This is the time of year I am told it gets quite warm and I’ve definitely felt a change in the humidity level.  It does no good to take a shower if you are walking any distance as you will soon be filled with salt, sweat and dust.  My hair is no longer a cute sassy cut (or at least I thought so) with highlights, but rather tied up or put back with a headband or hat to stay out of my face and keep cool.  My hair constantly feels dirty mostly because of the salt in the air.  Should I keep it really short?  That is a serious consideration right now.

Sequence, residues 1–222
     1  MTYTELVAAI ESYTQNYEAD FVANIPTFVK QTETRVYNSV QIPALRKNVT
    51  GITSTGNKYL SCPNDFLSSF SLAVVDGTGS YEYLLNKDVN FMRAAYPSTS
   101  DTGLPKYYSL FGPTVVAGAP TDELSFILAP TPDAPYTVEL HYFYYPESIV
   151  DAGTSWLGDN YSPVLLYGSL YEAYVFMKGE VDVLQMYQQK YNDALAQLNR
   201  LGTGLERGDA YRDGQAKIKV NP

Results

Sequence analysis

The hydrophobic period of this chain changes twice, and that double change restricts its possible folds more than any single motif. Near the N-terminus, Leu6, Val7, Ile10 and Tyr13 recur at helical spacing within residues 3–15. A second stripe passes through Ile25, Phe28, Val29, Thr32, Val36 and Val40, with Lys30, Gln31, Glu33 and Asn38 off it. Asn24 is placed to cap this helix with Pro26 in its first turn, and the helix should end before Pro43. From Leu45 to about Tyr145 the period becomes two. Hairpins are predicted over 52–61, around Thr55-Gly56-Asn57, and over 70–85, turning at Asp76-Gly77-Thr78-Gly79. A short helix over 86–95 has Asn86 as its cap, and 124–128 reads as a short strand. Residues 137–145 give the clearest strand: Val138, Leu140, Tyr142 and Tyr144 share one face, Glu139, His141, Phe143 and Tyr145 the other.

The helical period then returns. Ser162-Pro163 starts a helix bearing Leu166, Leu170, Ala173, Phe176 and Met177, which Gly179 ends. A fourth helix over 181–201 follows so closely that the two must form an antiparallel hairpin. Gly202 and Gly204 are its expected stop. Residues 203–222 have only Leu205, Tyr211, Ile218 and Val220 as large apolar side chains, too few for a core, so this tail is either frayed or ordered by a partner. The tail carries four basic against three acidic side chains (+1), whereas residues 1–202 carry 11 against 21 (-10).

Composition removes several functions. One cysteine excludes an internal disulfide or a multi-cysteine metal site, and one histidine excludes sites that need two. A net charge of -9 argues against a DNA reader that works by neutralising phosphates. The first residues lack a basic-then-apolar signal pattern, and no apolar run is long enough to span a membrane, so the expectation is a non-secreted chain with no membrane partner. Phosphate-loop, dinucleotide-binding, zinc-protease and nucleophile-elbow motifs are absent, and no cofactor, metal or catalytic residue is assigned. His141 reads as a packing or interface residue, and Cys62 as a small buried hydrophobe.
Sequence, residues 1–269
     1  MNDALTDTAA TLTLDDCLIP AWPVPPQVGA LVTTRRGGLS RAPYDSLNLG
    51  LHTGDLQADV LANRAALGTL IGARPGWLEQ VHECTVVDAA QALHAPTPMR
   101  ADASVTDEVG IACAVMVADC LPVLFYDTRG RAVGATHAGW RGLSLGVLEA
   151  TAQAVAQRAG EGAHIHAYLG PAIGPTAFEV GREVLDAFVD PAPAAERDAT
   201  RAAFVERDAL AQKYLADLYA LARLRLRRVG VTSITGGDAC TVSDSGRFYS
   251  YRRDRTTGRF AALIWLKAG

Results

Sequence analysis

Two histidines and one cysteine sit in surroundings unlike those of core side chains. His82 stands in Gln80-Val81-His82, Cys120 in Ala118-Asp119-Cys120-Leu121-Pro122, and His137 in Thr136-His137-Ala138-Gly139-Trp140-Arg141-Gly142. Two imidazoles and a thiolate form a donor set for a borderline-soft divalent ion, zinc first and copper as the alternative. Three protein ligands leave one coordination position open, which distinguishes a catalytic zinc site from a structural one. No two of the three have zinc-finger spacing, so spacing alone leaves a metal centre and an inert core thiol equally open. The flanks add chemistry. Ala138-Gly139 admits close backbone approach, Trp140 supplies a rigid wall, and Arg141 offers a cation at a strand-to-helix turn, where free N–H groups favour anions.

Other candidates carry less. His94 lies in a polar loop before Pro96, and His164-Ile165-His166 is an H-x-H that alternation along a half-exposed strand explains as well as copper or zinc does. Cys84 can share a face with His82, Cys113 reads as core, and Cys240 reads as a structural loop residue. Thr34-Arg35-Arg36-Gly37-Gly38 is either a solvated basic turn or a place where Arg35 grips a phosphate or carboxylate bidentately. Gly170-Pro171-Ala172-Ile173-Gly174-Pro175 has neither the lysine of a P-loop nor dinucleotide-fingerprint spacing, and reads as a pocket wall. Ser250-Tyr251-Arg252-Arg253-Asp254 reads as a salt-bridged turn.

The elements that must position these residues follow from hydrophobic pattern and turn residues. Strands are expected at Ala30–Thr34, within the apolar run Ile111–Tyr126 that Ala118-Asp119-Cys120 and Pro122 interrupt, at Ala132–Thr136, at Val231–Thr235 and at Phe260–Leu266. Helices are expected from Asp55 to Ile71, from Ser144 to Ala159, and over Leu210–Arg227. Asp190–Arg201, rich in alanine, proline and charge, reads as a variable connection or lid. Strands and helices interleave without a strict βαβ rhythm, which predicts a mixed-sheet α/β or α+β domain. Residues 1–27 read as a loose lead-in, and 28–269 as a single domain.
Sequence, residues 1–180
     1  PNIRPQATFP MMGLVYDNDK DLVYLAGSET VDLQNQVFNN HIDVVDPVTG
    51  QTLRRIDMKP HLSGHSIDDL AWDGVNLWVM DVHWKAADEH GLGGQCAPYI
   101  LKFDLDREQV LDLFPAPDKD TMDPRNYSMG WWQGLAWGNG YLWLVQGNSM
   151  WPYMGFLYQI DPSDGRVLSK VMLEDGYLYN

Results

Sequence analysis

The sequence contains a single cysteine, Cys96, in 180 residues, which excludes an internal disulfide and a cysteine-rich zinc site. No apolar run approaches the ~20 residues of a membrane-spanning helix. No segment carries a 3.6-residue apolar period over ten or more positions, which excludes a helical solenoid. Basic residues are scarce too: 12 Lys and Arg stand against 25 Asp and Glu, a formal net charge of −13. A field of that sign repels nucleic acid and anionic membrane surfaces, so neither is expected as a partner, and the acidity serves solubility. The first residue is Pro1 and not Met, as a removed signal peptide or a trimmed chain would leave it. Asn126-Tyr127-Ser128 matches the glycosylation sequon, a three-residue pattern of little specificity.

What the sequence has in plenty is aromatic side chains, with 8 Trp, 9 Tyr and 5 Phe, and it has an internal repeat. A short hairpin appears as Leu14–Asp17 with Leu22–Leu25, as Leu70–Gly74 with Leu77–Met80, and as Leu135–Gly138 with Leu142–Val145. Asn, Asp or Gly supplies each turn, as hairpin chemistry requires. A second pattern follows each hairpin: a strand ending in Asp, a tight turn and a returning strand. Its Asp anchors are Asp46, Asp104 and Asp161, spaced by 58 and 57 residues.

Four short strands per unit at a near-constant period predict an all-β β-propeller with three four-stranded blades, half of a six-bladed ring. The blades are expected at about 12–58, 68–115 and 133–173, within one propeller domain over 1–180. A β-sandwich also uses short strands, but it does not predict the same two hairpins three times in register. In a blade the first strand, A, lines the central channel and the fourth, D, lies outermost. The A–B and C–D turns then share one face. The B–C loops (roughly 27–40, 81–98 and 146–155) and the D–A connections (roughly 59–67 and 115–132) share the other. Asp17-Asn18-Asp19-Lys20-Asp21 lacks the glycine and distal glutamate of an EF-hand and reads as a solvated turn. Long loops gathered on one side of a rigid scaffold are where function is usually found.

There are no grocery stores in Crucita, but rather tiendas which are tiny family stores that typically you do not go in, but instead tell the owner what you want and they pass it to you through the bars.  Not all tiendas have the same things and may have one item one week, but not have it again for a long time.  Tiendas are for purchasing mostly dried goods such as chips, bread,  laudrey soap etc.  Or at least that is what we mainly purchase there.  The normal grocery store where you shop with a shopping cart, they play music and there is air conditioning is about 45 minutes away from here.  Since we do not have a vehicle, we typically take the public bus in and it will take about one hour twenty minutes to an hour and a half to get there ($1.50 each).  Then you need to get back, so if you have ice cream or other frozen items it’s best to hire a taxi for $12.